Development Update - Level Streaming Vs. Level Loading
Updated: Jan 1
During the porting process of Infliction to consoles, there have been many challenges that have made me reconsider the way I had done things. It's definitely changed the way I will do things moving forward.
The earliest version of Infliction was actually the second project I ever created in UE4. The first being a game jam. Needless to say, I had no idea what I was doing. As such, quite a few decisions I made without even knowing I had made a major decision that I’d one day have to undo or change. In this instance it was to not use level streaming.
Pictured above: 48 hour Game Jam. Team: Myself, James Lucas, Rhiannon Vanderlinden & Kylie Roberts
Many “decisions” I made at this time I didn’t know I had a choice. I did know what level streaming was though and had used it in that aforementioned Game Jam. The difference there was that in that game jam, we were loading parts of the level in and unloading that other parts behind. This was implemented so you could look out the window of the space station and not unmodeled exterior of the area you just left. Infliction is a house and not a large one. I did really think about this decision at all because I grey boxed the house and used that to playtest in without a need to stream anything.
Why did I need to implement Level Streaming after all this I hear you asking yourself? Well, load times of course! The original structure of Infliction on a base model PS4 would take 90 seconds to load. This threw me. My PC loads the levels in 5 seconds. As part of a discussion with the awesome programmer at Blowfish Studios doing the port, we had decided to try level streaming for a couple of reasons. When you load a level in UE4, it blocks everything until it’s loaded. This is a problem when it comes to loading screens because you need to indicate the console hasn’t crashed with some kind of animation. Particularly if the load times are 90 seconds long. This is something that would fail certification so it needed to be rectified. The other reason was to see if we could reduce that load time which felt way too long.
So the task was laid out before us, make the game stream in its levels and stream out un-used levels/assets. The first solution was to make a single empty level called ‘Master’ and stream everything else in to this one level. This broke quite a few things in terms of logic flow because much of the level set up logic assumes the level has been loaded fresh, the player is being loaded, not pre-existing. After fixing up these logic bugs, I implemented the new structure and we got to testing. The results were astonishing. Load times were 82% faster per level. It was an amazing result. What was 90 seconds was now 16 seconds. Sadly, the victory was short lived, we found a new problem with our entire approach. Nav mesh in the later levels with AI were now broken. Ultimately, the navmesh cannot be streamed in with a level and now needed to update itself dynamically. With the AI unable to navigate the level we went back to the drawing board. Another problem here is that I had been using static navmesh. Dynamic mesh would take more performance and slow down the game.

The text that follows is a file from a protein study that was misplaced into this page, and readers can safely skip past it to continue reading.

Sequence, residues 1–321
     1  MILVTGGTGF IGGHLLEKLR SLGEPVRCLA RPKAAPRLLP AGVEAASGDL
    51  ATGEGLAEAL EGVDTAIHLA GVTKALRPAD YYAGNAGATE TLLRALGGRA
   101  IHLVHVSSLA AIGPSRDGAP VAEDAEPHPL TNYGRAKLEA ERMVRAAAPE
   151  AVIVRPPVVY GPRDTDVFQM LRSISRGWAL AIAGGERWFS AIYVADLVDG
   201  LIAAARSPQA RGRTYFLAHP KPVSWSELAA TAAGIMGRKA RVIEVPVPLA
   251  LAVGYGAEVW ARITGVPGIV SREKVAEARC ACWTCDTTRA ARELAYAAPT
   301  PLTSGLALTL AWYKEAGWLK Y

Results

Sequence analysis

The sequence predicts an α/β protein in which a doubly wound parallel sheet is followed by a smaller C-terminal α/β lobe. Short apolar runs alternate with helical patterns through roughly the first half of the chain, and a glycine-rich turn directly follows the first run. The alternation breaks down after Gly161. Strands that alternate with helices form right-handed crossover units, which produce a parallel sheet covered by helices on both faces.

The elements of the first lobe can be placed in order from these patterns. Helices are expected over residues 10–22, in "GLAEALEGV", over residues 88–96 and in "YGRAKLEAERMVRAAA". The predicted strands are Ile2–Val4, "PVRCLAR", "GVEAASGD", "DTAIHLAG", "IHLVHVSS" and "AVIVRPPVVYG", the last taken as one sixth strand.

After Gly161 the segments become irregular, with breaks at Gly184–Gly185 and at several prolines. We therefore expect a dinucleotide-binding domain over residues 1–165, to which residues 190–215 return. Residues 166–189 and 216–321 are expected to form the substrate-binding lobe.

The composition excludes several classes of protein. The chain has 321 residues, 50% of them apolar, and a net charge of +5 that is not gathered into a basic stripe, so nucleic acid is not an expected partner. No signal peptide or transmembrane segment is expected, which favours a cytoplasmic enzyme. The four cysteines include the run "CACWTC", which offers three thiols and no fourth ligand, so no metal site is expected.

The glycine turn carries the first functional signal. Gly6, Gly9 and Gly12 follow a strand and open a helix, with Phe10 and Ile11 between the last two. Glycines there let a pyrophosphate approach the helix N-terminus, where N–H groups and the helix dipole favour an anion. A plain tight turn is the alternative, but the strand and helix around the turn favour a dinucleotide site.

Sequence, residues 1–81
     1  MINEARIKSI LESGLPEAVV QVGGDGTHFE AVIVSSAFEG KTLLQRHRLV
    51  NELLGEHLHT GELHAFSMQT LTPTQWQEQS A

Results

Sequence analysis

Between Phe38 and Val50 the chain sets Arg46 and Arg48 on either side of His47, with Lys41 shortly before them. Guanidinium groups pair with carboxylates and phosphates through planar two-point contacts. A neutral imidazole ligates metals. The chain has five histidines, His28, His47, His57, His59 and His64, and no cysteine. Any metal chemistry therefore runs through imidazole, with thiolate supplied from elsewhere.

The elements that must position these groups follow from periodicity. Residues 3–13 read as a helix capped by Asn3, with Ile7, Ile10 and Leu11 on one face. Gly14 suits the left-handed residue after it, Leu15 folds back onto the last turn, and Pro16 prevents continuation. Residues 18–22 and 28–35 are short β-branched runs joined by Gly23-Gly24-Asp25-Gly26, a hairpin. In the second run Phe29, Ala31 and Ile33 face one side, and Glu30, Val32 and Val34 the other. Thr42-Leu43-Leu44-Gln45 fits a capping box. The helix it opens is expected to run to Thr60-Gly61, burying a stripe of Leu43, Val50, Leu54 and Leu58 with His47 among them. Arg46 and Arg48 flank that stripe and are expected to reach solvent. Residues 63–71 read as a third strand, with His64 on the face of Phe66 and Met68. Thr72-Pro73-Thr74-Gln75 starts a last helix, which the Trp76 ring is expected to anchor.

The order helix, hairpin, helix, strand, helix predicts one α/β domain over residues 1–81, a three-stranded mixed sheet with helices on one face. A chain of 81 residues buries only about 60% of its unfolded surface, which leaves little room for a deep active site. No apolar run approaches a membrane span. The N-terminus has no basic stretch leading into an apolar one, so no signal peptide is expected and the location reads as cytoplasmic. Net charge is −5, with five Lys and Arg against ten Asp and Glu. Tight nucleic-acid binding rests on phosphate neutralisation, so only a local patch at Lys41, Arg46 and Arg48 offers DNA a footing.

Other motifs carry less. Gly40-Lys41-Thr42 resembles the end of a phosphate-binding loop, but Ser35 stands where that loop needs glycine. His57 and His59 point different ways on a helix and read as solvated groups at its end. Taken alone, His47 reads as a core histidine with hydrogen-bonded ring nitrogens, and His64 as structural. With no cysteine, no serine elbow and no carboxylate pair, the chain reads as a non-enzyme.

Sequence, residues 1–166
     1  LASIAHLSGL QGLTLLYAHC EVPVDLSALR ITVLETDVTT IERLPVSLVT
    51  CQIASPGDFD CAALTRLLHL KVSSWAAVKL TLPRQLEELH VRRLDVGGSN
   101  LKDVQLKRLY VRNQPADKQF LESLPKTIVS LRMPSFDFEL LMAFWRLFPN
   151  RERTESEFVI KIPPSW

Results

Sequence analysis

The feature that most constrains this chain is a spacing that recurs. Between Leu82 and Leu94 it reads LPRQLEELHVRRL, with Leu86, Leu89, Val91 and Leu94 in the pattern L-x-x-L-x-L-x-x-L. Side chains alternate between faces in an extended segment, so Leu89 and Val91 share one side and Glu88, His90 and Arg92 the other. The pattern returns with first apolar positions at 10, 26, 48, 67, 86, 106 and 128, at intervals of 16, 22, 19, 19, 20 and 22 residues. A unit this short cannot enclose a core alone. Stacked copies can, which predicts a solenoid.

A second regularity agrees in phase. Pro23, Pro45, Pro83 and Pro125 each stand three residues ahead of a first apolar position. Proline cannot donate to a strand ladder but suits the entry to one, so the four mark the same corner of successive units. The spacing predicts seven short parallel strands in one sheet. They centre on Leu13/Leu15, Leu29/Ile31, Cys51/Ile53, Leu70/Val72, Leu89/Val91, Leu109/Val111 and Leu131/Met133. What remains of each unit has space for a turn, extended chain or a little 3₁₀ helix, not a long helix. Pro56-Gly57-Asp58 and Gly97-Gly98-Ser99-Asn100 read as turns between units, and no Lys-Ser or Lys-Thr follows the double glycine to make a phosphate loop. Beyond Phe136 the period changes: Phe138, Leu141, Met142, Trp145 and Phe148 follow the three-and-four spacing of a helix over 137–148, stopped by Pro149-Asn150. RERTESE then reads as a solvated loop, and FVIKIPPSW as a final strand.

We had a few ideas on how to tackle this problem. The solution we landed on was an empty ‘Master’ level for each level. This master would contain the navmesh among other things. When the game opened a new level, it’d bring up the loading screen, then load the empty master with only a few actors in it. Then it would stream in the level itself while allowing animations on the loading screen while this took place. This eliminated the bugs caused in logic expecting a new level to load because we were loading a new level every time, albeit an empty one. It also bumped up load times from 16 seconds to an acceptable 25-30 seconds. This turned out to be the final solution. And it’s really working well for Infliction.
My main take away from this is that I’ll always stream my levels in future and depending on the game, will likely stream parts of levels or rooms at a time to ensure memory usage is as optimized as it could be.